1911 Encyclopædia Britannica/Francis V. of Modena

FRANCIS V. (1819-1875), duke of Modena, son of Francis IV., succeeded his father in 1846. Although less cruel and also less intelligent than his father, he had an equally high opinion of his own authority. His reign began with disturbances at Fivizzano and Pontremoli, which Tuscany surrendered to him according to treaty but against the wishes of the inhabitants (1847), and at Massa and Carrara, where the troops shot down the people. Feeling his position insecure, the duke asked for and obtained an Austrian garrison, but on the outbreak of revolution throughout Italy and at Vienna in 1848, further disorders occurred in the duchy, and on the 20th of March he fled with his family to Mantua. A provisional government was formed, and volunteers were raised who fought with the Piedmontese against Austria. But after the Piedmontese defeat Francis returned to Modena, with Austrian assistance, in August and conferred many appointments on Austrian officers. Like his father, he interfered in the minutest details of administration, and instituted proceedings against all who were suspected of Liberalism. Not content with the severity of his judges, he overrode their sentences in favour of harsher punishments. The disturbances at Carrara were ruthlessly suppressed, and the prisons filled with politicals. In 1859 numbers of young Modenese fled across the frontier to join the Piedmontese army, as war with Austria seemed imminent; and after the Austrian defeat at Magenta the duke left Modena to lead his army in person against the Piedmontese, taking with him the contents of the state treasury and many valuable books, pictures, coins, tapestries and furniture from the palace. The events of 1859-1860 made his return impossible; and after a short spell of provisional government the duchy was united to Italy. He retired to Austria, and died at Munich in November 1875.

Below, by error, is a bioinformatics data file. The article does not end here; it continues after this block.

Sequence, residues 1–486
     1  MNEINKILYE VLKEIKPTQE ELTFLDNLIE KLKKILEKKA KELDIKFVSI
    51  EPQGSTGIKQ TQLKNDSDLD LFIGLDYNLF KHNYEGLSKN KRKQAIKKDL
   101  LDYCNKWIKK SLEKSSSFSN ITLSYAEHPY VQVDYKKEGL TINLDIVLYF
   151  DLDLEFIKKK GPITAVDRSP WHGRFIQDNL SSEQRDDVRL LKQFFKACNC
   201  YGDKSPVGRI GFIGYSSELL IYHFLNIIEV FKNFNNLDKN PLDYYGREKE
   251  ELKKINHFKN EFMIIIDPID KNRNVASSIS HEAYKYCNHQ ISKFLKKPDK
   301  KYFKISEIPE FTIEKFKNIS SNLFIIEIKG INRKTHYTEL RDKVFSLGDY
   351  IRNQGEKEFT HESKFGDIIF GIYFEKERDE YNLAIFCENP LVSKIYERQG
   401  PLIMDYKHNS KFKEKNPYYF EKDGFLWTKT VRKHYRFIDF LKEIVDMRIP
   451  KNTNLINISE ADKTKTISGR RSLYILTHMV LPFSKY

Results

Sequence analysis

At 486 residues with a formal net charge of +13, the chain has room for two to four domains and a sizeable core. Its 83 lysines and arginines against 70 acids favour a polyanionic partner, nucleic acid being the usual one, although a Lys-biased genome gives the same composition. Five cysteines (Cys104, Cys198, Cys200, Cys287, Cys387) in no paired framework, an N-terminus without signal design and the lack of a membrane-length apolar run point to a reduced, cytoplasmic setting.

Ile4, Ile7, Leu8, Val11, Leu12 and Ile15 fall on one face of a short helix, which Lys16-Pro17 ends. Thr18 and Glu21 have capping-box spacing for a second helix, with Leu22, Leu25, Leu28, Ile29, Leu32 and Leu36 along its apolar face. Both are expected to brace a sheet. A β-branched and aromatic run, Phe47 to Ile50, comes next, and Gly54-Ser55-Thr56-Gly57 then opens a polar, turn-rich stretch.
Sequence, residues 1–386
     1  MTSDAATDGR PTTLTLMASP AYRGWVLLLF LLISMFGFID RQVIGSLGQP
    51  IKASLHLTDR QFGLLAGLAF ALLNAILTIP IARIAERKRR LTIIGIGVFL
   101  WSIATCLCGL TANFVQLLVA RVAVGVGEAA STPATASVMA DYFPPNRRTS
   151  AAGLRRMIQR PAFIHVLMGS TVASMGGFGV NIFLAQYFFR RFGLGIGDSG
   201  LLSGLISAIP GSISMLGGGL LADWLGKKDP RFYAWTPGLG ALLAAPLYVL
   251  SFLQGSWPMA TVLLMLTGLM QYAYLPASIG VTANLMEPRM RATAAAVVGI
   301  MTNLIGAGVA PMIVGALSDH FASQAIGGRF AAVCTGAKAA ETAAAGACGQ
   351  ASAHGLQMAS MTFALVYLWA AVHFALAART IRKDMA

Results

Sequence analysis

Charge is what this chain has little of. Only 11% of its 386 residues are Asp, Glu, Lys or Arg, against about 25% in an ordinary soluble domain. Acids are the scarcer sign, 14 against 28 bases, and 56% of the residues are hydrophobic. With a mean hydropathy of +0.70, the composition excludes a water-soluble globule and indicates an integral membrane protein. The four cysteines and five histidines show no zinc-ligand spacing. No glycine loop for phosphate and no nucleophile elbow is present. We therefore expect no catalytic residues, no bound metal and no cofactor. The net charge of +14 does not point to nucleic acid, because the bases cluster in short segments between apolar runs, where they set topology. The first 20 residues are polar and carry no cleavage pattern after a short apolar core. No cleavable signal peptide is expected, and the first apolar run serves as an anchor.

Bibliography.—N. Bianchi, I Ducati Estensi (Turin, 1852); Galvani, Memorie di S.A.R. Francesco IV (Modena, 1847); Documenti riguardanti il governo degli Austro-Estensi in Modena (Modena, 1860); C. Tivaroni, L’Italia durante il dominio austriaco, i. 606-653 (Turin, 1892), and L’Italia degli Italiani, i. 114-125 (Turin, 1895); Silingardi, “Ciro Menotti,” in the Rivista europea (Florence, 1880); F.A. Gualterio, Gli ultimi rivolgimenti italiani (Florence, 1850); Bayard de Volo, Vita di Francesco V (4 vols., Modena, 1878-1885).

(L. V.*)